The 60-Year-Old Scientific Screwup That Helped Covid Kill

Days later, the WHO released an updated scientific brief, acknowledging that aerosols couldn’t be ruled out, especially in poorly ventilated places. But it stuck to the 3- to 6-foot rule, advising people to wear masks indoors only if they couldn’t keep that distance. Jimenez was incensed. “It is misinformation, and it is making it difficult for ppl to protect themselves,” he tweeted about the update. “E.g. 50+ reports of schools, offices forbidding portable HEPA units because of @CDCgov and @WHO downplaying aerosols.”

While Jimenez and others sparred on social media, Marr worked behind the scenes to raise awareness of the misunderstandings around aerosols. She started talking to Kimberly Prather, an atmospheric chemist at UC San Diego, who had the ear of prominent public health leaders within the CDC and on the White House Covid Task Force. In July, the two women sent slides to Anthony Fauci, director of the National Institutes of Allergy and Infectious Diseases. One of them showed the trajectory of a 5-micron particle released from the height of the average person’s mouth. It went farther than 6 feet—hundreds of feet farther. A few weeks later, speaking to an audience at Harvard Medical School, Fauci admitted that the 5-micron distinction was wrong—and had been for years. “Bottom line is, there is much more aerosol than we thought,” he said. (Fauci declined to be interviewed for this story.)

Still, the droplet dogma reigned. In early October, Marr and a group of scientists and doctors published a letter in Science urging everyone to get on the same page about how infectious particles move, starting with ditching the 5-micron threshold. Only then could they provide clear and effective advice to the public. That same day, the CDC updated its guidance to acknowledge that SARS-CoV-2 can spread through long-lingering aerosols. But it didn’t emphasize them.

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That winter, the WHO also began to talk more publicly about aerosols. On December 1, the organization finally recommended that everyone always wear a mask indoors wherever Covid-19 is spreading. In an interview, the WHO’s Maria Van Kerkhove said that the change reflects the organization’s commitment to evolving its guidance when the scientific evidence compels a change. She maintains that the WHO has paid attention to airborne transmission from the beginning—first in hospitals, then at places such as bars and restaurants. “The reason we’re promoting ventilation is that this virus can be airborne,” Van Kerkhove says. But because that term has a specific meaning in the medical community, she admits to avoiding it—and emphasizing instead the types of settings that pose the biggest risks. Does she think that decision has harmed the public health response, or cost lives? No, she says. “People know what they need to do to protect themselves.”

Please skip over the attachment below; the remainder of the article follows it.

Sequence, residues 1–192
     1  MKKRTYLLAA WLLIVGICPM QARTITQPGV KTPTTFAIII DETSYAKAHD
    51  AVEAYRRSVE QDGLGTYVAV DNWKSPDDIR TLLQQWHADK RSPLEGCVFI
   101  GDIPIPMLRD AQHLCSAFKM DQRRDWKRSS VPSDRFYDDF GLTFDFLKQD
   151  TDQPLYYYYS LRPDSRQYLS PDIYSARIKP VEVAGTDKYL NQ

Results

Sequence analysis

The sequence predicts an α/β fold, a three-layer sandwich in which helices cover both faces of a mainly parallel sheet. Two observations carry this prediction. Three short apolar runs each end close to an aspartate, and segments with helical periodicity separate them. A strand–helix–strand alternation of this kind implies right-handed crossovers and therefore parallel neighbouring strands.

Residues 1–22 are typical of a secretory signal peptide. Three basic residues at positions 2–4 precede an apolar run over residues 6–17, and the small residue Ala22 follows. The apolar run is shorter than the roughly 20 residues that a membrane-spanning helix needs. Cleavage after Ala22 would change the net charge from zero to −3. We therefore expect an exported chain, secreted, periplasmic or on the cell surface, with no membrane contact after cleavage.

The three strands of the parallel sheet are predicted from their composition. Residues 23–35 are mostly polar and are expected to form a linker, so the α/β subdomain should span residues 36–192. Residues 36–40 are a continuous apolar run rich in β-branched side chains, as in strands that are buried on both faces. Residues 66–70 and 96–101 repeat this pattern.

Yet she admits it may be time to rethink the old droplet-airborne dichotomy. According to Van Kerkhove, the WHO plans to formally review its definitions for describing disease transmission in 2021.

Yuguo Li, an indoor-air researcher, set out to show that most respiratory diseases spread through aerosols.

 

Photograph: Yufan Lu

For Yuguo Li, whose work had so inspired Marr, these moves have given him a sliver of hope. “Tragedy always teaches us something,” he says. The lesson he thinks people are finally starting to learn is that airborne transmission is both more complicated and less scary than once believed. SARS-CoV-2, like many respiratory diseases, is airborne, but not wildly so. It isn’t like measles, which is so contagious it infects 90 percent of susceptible people exposed to someone with the virus. And the evidence hasn’t shown that the coronavirus often infects people over long distances. Or in well-ventilated spaces. The virus spreads most effectively in the immediate vicinity of a contagious person, which is to say that most of the time it looks an awful lot like a textbook droplet-based pathogen.

For most respiratory diseases, not knowing which route caused an infection has not been catastrophic. But the cost has not been zero. Influenza infects millions each year, killing between 300,000 and 650,000 globally. And epidemiologists are predicting the next few years will bring particularly deadly flu seasons. Li hopes that acknowledging this history—and how it hindered an effective global response to Covid-19—will allow good ventilation to emerge as a central pillar of public health policy, a development that would not just hasten the end of this pandemic but beat back future ones.

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